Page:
The effect of the Supreme Court’s Wal-Mart class-action decision on substantive employment discrimination law

That's the topic of this article by law professor Natalie Pedersen. Here's the abstract:

Wal-Mart Stores, Inc. v. Dukes, the U.S. Supreme Court not only reversed
the grant of class certification to one of the largest employment
discrimination classes ever, but also indelibly altered the substance of
employment discrimination law. While many scholars have lamented the
fact that this potential class action was not allowed to move forward,
this article is the first to look comprehensively at the possible
substantive changes that the Dukes decision may effect on cases brought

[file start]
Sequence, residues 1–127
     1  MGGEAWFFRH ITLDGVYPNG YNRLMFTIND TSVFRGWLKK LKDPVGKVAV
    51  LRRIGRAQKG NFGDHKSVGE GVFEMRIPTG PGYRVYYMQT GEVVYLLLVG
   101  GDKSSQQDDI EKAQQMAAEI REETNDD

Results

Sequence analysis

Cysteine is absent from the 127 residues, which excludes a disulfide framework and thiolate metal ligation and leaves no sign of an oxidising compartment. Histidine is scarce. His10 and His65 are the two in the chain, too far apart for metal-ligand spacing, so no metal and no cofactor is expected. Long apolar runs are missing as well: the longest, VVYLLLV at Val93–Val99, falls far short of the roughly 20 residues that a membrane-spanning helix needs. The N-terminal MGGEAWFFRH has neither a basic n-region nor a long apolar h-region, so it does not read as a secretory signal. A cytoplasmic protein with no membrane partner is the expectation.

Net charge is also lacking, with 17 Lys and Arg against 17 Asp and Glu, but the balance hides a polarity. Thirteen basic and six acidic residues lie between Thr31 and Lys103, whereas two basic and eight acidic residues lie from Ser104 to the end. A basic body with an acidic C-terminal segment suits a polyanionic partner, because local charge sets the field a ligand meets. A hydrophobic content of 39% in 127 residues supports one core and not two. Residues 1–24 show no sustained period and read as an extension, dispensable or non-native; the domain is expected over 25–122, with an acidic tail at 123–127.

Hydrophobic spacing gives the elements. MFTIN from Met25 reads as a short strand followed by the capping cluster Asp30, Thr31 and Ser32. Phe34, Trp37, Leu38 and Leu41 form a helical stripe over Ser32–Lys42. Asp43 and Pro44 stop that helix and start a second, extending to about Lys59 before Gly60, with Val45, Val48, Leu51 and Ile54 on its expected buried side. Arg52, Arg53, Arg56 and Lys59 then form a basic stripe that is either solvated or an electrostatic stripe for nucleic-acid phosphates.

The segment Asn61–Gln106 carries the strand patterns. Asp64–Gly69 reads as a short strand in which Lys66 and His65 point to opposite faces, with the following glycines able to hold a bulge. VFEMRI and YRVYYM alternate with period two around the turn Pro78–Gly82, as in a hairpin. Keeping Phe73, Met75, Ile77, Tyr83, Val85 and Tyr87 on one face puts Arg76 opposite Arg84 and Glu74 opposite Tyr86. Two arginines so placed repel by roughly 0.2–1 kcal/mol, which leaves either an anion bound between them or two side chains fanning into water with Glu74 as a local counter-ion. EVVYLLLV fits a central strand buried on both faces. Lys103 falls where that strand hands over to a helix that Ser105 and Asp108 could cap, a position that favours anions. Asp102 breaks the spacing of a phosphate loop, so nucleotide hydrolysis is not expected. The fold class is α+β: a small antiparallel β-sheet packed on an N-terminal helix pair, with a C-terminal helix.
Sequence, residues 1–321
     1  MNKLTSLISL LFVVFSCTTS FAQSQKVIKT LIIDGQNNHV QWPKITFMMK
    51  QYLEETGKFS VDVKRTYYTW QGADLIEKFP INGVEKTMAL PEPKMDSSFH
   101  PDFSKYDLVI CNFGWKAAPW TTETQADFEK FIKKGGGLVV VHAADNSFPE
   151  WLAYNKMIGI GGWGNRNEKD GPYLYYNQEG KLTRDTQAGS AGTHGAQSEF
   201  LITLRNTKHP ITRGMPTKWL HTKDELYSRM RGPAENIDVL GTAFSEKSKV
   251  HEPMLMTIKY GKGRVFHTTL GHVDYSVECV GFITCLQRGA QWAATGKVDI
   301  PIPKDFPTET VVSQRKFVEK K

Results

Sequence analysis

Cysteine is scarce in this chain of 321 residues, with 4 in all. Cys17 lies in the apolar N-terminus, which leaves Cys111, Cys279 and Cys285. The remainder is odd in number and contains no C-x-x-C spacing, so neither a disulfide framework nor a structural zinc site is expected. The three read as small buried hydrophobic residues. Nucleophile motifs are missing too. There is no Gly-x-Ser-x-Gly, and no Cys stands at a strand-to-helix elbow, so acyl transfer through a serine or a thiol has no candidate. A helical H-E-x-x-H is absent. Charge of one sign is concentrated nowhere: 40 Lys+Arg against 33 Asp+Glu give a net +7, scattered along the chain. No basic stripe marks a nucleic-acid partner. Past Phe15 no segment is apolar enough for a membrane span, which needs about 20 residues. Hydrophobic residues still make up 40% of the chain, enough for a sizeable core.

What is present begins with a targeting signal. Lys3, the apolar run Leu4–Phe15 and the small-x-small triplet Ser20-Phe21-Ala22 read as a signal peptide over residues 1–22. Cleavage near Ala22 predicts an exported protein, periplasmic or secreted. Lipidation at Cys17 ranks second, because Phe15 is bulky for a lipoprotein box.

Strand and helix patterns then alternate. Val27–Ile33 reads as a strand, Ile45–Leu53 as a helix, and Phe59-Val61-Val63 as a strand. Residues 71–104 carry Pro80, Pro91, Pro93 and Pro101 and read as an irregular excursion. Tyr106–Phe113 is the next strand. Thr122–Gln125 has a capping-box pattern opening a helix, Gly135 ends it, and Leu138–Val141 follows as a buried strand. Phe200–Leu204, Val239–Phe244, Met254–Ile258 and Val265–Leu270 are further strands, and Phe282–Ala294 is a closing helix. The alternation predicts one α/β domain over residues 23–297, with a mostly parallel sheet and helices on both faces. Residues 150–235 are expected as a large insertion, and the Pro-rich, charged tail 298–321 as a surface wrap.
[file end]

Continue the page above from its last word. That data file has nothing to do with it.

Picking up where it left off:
pursuant to Title VII. Specifically, this article examines the language
of Dukes, as contrasted with Supreme Court precedent in the areas of
unjustified disparate impact and systemic disparate treatment cases. The
article also analyzes Dukes' potential effect on discrimination cases
that rely on social framework evidence. The inevitable conclusion is
nothing short of shocking: the Court, in this supposedly procedural
decision, has rewritten much of the substance of employment
discrimination law.

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